Be realistic – Despite doing everything from your end to keep data security foolproof, there may be instances when your remote employees will be careless. For example, most of your employees would work on secure Wi-Fi and would not save sensitive information on their system, but there might be some who ignore this policy. Therefore, it is crucial to be realistic and prepare yourself for the worst-case cybersecurity scenarios. That is why you need to regularly remind your remote employees about the importance of observing cybersecurity best practices. This can be accomplished by webinar training sessions, email questionnaires and other means.
Be cautious with your data – With data protection laws become stricter, store data that is only relevant and vital to your business. Don’t store unnecessary data that could expose customers’ personal information or proprietary company information.
Factors an Organization Should Examine to Ensure its Cybersecurity When Employees Work Remotely
As an organization, you need to take many precautions so that your remote employees can work in a safe environment. Unless you take all the necessary precautions, it is difficult to safeguard your data. Here are some of the factors an organization should examine to ensure its cybersecurity when employees work remotely:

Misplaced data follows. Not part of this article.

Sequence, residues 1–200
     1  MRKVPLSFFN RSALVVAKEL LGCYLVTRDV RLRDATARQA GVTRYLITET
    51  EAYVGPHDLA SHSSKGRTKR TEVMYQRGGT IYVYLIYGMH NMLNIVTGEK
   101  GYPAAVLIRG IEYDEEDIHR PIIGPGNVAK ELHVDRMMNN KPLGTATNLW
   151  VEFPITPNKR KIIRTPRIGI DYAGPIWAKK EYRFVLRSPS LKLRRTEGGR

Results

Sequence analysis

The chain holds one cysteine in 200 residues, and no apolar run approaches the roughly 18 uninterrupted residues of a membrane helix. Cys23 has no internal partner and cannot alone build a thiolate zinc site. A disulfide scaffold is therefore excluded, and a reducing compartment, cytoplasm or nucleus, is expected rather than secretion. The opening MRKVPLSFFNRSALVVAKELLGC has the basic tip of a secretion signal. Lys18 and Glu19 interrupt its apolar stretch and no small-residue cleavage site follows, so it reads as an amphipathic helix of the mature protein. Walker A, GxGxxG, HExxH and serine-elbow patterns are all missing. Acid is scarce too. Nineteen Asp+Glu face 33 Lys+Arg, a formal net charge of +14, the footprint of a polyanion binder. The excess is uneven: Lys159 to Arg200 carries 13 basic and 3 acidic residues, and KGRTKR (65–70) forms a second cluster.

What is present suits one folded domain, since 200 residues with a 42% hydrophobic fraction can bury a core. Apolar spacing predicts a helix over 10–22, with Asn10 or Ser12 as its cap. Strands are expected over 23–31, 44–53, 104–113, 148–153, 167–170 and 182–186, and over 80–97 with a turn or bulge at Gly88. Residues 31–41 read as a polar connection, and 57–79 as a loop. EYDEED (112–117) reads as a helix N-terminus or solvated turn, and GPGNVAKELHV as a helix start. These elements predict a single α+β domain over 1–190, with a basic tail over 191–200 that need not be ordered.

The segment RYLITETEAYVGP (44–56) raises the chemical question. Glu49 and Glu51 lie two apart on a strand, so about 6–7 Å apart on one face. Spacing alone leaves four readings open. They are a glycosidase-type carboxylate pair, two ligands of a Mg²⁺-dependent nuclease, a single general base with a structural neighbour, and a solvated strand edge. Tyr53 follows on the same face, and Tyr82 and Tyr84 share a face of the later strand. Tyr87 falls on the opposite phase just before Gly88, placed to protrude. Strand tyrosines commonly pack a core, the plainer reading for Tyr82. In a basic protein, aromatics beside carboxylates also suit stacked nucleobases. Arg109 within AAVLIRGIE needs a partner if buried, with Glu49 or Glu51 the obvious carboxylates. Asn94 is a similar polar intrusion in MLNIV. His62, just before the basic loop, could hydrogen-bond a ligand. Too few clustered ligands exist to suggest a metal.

Make sure your employees use a VPN – Using a VPN can keep your data secure. Using a VPN encrypts all your internet traffic, rendering it unreadable to those who might intercept your data. Hence, make sure your employees access company information only when they are using a VPN.
Ask your employees to use secure Wi-Fi connections – Most Wi-Fi networks that your employees use at home days are secure. But it is crucial to make your employees understand that it is not safe to use unsecured public Wi-Fi networks. So, your employees should avoid accessing company information through restaurants or public spaces because these networks are not secure. Most of the hackers spy on internet traffic and collect sensitive information from these spots. Our blog post – “Is It Safe to Use Open Wi-Fi Hotspots?” – covers this issue in greater detail.